3. Casio G-Shock Rangeman. The G-Shock and Pathfinder lines have been staples for function first watch collectors, and now there's a watch that has the best features of both. The Rangeman has every feature you would expect from a multifunction watch, as well as quite a few that you wouldn't. It adjusts its time automatically with atomic radio reception, needs no batteries since it's solar powered, and has the barometer/altimeter/thermometer/compass triple sensor the Pathfinders are known for. It also has Casio-specific features like the backlight that can be set to turn on whenever an accelerometer detects that you've turned your wrist, and has the famous G-Shock toughness and 200m water resistance. It's a watch that does as much as possible with as little maintenance and care as possible.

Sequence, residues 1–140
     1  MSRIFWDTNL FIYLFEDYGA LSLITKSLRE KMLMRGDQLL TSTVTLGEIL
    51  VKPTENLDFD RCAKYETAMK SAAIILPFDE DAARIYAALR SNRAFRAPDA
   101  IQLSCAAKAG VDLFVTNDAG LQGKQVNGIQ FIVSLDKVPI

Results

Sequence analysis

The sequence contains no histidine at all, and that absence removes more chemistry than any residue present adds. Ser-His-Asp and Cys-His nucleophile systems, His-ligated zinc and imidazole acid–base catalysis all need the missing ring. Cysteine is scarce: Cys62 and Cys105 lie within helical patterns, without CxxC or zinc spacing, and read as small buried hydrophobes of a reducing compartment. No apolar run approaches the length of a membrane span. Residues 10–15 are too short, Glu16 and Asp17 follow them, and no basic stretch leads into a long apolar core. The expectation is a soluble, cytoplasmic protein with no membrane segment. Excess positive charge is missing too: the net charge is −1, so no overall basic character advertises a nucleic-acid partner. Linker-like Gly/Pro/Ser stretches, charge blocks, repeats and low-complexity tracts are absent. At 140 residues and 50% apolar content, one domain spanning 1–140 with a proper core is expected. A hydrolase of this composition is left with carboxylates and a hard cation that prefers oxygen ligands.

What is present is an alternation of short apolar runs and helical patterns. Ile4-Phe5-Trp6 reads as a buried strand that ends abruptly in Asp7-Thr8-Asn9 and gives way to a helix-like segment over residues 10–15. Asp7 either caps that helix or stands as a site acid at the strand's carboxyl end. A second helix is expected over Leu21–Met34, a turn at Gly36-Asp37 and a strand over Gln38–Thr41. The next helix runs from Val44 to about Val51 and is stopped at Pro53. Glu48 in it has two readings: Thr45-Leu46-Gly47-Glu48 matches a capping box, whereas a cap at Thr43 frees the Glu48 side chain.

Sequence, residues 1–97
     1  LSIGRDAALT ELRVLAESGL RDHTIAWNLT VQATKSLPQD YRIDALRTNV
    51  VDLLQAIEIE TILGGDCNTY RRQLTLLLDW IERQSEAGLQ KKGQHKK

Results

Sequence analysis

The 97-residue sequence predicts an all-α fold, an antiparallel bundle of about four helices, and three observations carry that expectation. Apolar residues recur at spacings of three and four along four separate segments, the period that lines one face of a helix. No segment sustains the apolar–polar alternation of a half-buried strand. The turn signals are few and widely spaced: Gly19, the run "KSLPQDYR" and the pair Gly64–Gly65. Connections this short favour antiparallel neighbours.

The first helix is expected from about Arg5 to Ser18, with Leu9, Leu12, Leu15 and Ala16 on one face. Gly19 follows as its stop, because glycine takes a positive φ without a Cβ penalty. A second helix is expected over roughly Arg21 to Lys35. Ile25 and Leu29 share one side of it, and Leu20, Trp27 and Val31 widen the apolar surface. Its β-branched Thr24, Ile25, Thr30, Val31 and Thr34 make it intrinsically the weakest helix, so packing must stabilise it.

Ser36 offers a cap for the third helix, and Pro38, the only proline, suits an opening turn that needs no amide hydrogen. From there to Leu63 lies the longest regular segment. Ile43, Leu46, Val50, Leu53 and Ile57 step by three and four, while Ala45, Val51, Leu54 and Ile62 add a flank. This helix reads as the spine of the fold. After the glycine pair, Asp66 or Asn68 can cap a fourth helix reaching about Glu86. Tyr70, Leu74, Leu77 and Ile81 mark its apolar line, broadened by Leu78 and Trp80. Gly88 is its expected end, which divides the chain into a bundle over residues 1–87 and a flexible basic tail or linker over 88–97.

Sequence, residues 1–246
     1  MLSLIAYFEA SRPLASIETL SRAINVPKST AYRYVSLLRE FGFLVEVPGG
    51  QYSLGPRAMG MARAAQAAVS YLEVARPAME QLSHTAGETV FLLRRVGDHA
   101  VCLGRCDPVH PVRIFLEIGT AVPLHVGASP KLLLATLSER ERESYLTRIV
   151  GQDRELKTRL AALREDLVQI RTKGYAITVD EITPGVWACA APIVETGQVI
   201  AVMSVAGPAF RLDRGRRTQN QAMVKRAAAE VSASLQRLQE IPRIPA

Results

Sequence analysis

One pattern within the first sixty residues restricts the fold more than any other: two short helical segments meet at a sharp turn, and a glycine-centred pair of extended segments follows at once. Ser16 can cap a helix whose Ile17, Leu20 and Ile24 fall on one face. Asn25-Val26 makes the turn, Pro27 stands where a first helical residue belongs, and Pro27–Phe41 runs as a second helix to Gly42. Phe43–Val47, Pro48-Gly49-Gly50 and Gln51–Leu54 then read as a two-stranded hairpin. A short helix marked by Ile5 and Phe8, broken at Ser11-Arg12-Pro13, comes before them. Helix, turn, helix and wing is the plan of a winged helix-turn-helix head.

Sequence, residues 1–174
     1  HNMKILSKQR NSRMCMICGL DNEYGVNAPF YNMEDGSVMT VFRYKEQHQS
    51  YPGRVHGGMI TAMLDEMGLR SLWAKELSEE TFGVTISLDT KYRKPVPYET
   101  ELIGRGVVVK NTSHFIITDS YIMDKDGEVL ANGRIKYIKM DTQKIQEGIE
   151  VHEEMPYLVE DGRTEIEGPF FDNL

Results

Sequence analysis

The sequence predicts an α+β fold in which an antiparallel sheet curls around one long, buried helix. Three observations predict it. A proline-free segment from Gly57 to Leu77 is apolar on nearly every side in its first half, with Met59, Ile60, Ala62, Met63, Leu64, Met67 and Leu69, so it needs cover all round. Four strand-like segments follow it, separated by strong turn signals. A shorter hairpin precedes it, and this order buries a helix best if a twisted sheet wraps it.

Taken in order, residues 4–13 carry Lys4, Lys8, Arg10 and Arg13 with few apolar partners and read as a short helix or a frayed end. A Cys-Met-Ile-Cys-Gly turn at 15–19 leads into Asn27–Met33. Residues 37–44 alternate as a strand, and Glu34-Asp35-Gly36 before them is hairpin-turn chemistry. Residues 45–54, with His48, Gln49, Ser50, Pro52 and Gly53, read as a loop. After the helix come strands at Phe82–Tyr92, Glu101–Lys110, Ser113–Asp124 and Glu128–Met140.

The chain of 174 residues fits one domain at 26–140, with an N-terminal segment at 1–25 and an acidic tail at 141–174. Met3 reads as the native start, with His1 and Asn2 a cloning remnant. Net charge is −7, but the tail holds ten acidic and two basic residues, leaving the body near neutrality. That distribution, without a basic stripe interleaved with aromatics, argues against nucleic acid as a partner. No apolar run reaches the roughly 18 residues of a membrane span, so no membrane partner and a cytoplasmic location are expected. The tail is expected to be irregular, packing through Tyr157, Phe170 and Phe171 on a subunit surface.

4. Seiko Sumo. This watch has become an icon of the budget sport watches. It may seem nondescript, but it endures because it does everything well. It's a well-made dive watch with a good bracelet and good lume. The movement is proven and reliable, and has the handwinding and hacking features that many cheaper mechanicals lack. It's also common enough that it's not difficult to find watchmakers with the ability to service it or replacement parts. It's hard to fault a full-featured mechanical diver that's offered at a reasonable price and doesn't have a lot of glaring issues. But what really makes the Sumo stand out is the aftermarket that has developed behind it. Customization options abound to alter the watch to suit any user's preferences. What Seiko offers is a solid base on which to build whatever sport watch you really want. And if you get bored of it, you can always change it again.